A contribution to the “Camp in the Pines Challenge” 2015
My words were: Will Cartwright fell out of a tree in the bedroom before church
Summary: Guilt and mistakes – nobody is free of them. It’s not only the big guilt following bad deeds that can affect your life, but also mistakes and misinterpretations. There are many shades of guilt, as even the Cartwrights had to learn.
The story is set in 1863 and shows Adam as a substitute teacher.
Rated: K+ Word count: 10354
Many Shades of Guilt
He climbed onto the stool, stretched himself to his full height of four feet to reach the beam that supported the roof of the old line shack. He poked the free end of his rope through the gap between the beam and the roof, measured the distance from the dangling noose to the floor with a glance, and secured the end of the rope with a triple knot. Then he climbed back down from the stool, went over to the table and blew out the lantern, certain he could find his way in the dark.
“I don’t know why I got myself into this job as a substitute teacher.”
“Maybe ’cause yer the onliest with a college degree, older brother? Pass me the gravy, Little Joe, please.”
Adam rolled his eyes but didn’t answer.
“Adam, I know it isn’t easy, but I’m really grateful to you for doing me this favor. As the president of the schoolboard I had to find somebody, and there was nobody else available on such short notice.”
“And I thought ya’d enjoy the nice clean job, while we do our hard work on the ranch.” Hoss winked at Little Joe.
“Real men’s work,” Little Joe added.
“That’s not funny,” Adam said with an audible growl.
“Miss Jones was never sick as last as I can ‘member. It’s a pity about the new young teacher. First she got mumps and now them measles. Poor gal,” Hoss said, making his eyes as wide and innocent as possible.
“Never thought that Adam would miss Miss Jones.” Little Joe giggled and Hoss guffawed.
When Ben cleared his throat, both ducked their heads over their plates, just barely stifling their snickers.
“Well, are you through with the jokes? Can we speak like adults now?” Adam said with pursed lips.
“I can imagine Adam very well as a teacher. He’s a stickler for principles, and he was always such a good boy,” Joe started the banter again ignoring his brother’s sarcasm entirely.
“Yes, he loved school!” Hoss shuddered dramatically. “So he should love his new job; too bad he has only ten days left out of two weeks.”
That’s enough, boys,” Ben tried to intervene after a look at his eldest. “I think Adam isn’t in the mood for teasing.”
“Ah, he never is, our serious older brother. But Adam we like you as you are,” Joe clapped a hand on Adam’s shoulder.
Adam shrugged Joe’s hand away and said in an unexpectedly sharp tone, “Joe, you didn’t even know me as a boy. I can assure you I wasn’t always good. I struggled like everybody else, and I had to pay for it – but you’re right, I never had had the chance to be as mischievous and careless as you. I had to learn young to be responsible and serious! I wasn’t asked if I liked it.”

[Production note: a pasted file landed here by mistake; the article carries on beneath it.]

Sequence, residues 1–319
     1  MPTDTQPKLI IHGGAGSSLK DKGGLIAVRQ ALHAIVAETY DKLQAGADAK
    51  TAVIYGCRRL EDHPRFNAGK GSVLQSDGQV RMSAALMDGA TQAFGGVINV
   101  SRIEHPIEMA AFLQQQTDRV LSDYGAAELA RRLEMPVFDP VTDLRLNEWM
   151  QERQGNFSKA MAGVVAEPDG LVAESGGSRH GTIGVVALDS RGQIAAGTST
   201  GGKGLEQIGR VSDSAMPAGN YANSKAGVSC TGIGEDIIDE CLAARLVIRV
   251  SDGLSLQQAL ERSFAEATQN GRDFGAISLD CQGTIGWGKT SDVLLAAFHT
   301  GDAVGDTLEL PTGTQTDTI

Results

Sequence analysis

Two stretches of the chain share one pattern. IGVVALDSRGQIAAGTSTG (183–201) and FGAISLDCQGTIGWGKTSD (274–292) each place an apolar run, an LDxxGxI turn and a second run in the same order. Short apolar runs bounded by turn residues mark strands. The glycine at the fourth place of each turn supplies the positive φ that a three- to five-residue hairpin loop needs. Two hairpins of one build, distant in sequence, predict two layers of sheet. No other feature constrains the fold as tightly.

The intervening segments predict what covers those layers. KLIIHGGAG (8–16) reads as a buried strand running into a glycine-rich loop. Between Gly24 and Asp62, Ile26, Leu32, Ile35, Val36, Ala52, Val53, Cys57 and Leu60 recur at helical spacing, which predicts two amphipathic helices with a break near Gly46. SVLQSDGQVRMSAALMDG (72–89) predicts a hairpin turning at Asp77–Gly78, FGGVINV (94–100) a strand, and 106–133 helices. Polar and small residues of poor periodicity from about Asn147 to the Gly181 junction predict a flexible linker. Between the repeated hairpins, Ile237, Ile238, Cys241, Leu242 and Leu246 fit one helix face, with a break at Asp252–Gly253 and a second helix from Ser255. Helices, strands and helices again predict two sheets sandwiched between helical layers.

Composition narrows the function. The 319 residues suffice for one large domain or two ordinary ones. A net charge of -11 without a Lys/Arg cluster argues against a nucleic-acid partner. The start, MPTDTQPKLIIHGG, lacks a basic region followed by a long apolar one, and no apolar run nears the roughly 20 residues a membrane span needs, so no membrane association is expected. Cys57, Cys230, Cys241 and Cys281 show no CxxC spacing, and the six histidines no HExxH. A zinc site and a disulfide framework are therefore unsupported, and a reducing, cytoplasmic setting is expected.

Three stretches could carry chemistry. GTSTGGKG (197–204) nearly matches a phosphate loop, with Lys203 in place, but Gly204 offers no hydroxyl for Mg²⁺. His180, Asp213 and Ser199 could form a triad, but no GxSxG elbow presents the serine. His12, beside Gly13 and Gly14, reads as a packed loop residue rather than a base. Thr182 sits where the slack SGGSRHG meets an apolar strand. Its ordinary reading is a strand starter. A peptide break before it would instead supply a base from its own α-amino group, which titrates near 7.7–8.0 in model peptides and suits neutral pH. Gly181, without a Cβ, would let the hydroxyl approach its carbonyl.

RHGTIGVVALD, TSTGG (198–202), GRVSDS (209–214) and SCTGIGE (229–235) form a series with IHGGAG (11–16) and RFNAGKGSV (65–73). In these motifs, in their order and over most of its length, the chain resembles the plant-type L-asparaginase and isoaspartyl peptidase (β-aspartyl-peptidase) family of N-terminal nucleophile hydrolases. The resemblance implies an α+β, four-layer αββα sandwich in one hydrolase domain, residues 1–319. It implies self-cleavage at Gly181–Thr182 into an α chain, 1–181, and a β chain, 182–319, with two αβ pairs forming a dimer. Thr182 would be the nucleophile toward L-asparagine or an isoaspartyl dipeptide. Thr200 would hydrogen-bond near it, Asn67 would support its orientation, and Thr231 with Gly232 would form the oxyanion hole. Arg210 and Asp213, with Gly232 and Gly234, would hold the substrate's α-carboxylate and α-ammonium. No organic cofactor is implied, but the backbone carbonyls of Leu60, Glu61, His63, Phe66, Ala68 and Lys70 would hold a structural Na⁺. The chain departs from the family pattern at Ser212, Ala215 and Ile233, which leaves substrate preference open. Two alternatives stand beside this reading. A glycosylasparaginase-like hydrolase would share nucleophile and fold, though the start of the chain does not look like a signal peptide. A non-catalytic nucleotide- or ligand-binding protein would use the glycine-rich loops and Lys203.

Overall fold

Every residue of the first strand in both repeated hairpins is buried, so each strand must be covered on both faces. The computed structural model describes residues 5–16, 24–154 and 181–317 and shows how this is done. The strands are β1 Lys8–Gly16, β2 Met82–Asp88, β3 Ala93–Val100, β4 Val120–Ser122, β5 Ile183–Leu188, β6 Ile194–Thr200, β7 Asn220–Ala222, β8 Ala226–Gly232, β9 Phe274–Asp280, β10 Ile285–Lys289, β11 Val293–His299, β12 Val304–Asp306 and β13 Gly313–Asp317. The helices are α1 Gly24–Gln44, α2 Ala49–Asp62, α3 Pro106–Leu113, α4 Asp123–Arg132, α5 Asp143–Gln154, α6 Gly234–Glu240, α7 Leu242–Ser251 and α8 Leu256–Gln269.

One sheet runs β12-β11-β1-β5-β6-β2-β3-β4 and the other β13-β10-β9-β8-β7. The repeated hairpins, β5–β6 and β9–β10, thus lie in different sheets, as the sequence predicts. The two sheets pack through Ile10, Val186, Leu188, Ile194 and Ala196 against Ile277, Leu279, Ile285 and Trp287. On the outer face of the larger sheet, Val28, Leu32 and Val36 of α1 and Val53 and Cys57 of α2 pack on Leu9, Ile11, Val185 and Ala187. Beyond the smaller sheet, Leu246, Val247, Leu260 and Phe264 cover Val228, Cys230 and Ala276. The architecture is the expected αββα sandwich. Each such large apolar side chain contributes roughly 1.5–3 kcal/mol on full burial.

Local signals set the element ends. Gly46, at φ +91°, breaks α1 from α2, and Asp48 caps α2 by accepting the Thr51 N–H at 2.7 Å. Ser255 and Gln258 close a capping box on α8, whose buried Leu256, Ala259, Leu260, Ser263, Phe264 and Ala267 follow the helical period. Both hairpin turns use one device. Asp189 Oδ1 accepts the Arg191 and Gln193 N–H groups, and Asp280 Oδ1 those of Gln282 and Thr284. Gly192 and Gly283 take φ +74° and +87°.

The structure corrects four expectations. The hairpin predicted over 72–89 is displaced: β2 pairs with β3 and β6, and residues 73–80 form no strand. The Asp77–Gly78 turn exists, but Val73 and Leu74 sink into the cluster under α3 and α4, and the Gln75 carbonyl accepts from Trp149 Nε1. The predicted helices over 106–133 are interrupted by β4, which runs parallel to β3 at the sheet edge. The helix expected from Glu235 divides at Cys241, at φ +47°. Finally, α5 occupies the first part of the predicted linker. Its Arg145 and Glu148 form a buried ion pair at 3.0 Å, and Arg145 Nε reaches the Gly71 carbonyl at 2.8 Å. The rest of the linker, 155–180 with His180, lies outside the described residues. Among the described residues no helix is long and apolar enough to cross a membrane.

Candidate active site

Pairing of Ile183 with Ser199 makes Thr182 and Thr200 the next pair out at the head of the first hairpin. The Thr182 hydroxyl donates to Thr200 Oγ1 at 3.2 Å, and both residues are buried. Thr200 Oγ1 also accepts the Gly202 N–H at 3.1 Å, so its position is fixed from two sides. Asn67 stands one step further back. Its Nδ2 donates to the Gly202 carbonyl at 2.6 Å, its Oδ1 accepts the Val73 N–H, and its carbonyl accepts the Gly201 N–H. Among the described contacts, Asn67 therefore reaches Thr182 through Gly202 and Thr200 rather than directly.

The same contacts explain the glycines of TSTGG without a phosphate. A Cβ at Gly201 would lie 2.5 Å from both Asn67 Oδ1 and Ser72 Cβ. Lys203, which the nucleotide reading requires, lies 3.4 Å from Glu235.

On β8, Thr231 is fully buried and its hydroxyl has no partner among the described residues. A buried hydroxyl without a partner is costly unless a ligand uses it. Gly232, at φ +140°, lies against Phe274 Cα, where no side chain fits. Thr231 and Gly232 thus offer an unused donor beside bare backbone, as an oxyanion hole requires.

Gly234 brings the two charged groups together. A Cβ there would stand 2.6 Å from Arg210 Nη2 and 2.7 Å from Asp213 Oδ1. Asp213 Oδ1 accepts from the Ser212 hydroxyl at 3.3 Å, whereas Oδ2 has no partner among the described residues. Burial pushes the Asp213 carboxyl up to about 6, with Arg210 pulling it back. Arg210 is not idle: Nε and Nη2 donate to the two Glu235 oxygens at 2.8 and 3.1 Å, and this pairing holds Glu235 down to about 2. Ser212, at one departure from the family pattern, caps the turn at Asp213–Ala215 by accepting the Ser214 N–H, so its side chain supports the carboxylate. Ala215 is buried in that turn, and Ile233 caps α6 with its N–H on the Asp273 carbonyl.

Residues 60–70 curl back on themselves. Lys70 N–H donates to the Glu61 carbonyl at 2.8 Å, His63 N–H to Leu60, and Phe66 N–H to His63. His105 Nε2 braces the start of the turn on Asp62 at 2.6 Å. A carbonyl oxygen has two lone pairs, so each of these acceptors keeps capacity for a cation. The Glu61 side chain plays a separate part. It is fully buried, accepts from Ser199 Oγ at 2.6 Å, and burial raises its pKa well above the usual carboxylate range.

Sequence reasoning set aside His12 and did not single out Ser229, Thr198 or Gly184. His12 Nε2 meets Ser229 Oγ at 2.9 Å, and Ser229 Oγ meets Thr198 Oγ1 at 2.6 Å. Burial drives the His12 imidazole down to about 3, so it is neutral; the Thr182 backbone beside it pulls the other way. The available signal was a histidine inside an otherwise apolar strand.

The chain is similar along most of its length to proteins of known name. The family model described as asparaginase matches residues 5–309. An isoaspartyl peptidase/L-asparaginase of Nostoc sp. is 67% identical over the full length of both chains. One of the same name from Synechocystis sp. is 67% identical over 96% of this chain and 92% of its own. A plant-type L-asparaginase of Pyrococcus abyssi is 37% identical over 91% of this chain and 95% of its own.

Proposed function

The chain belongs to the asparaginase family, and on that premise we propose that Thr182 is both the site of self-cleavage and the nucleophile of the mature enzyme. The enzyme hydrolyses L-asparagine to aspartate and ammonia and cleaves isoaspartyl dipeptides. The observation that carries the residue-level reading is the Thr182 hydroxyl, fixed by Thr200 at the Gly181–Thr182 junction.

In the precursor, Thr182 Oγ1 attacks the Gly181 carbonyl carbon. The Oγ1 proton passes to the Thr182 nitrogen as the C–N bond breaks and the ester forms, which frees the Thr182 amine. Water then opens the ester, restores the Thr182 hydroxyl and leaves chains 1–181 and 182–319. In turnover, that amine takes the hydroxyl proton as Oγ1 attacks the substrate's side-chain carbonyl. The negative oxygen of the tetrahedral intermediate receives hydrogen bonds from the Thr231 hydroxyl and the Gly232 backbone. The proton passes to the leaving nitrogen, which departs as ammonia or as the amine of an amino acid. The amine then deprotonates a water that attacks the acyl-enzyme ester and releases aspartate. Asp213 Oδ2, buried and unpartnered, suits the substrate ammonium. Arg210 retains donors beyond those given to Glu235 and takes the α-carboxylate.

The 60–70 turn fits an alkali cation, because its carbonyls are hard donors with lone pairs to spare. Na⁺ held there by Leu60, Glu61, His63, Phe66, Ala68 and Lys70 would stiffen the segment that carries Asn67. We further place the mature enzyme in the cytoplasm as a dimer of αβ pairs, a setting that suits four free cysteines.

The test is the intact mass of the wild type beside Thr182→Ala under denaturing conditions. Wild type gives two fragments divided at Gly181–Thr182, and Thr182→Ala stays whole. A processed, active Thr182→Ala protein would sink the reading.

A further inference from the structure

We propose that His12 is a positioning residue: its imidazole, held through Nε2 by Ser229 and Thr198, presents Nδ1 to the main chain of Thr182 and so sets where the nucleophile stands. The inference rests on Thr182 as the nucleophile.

The other three men sat motionless for a moment, forks in midair, after Adam’s outburst.
“Hey, Adam, we were only joking. Sorry.” Joe looked confused.
“We know it wasn’t easy fer you – all that travelling with Pa. With nothing but a squawky fledgling fer company,” Hoss added with an apologetic grin.
“It’s all right. – Let’s eat in peace, Little Joe and still-always-hungry-younger-brother,” Adam said with an apologetic smile of his own. “Sorry, I’m in a bad mood I guess.”
“What did you mean before? Has something gone wrong at the school?” Ben asked.
“Yes, two of the boys were caught shoplifting yesterday. Roy told me about and it seems he as the sheriff wants the school to do something about it.”
“Oh, yes, when I was in town yesterday I saw Hugh Sanders dragging the boys by the collar to Roy. He was shouting the whole way and a lot of kids and even some older folks were tagging along,” Hoss said.
“Hugh Sanders? Demanding justice, I guess,” Adam snorted.
“Yeah, he shouted that Roy had to put little Matt and Abe in jail because he was ‘pressing charges for stealing in his shop. When I came out of the bank, Cyrus was there, face like a beet, and he was hauling Matt along ‘most as hard as Sanders did. The crowd was all abuzz. Y’all know he’s such a friendly feller but he was madder than a hornet right then. And all those rubber-neckers enjoyed the show. I wished I had scattered them whole mob to the four winds – with mighty kicks in their – tails!” Hoss punctuated his words with a dramatic wave of his fork.
“Poor Cyrus and poor kid –it’s bad enough without their having to face a mob on top of everything,” Joe said. “I can imagine how the other children will tease those boys.”
“A mob and a man like Sanders to stir them up,” Adam grunted in disgust. “What an example for children!”
“Remember how Sanders raised his prices last fall?” Joe prodded. “With all those families that had to winter here on their way to California? I figured then that he had a moneybag instead of a heart.”
“Don’t speak that way about Mr. Sanders, Joe. He’s a salesman — and maybe his own costs were rising,” Ben reprimanded.
“Ah Pa, ya know he’s only plumb greedy.” Hoss backed up his younger brother. “And he liked causing such a fuss! It’s good fer demanding compensation.”
“Well, boys, he may not be the nicest person you can think of but he’s in the right to press charges against stealing. Shoplifting is a serious matter. We shouldn’t discuss his character any further; it’s not our concern. Now let’s finish our dinner or Hop Sing will be right to complain we didn’t honor his labor.”
Ben sucked at his pipe. The newspaper lay unread on his lap, and he stared into the air before him. The conversation at dinner still puzzled him. Not the part about Hugh Sanders: in the depths of his heart he disliked that man, too. At the table he had tried to stop the discussion, any discussion, and his boys had respected his wish. It was Adam’s outburst that had bothered him.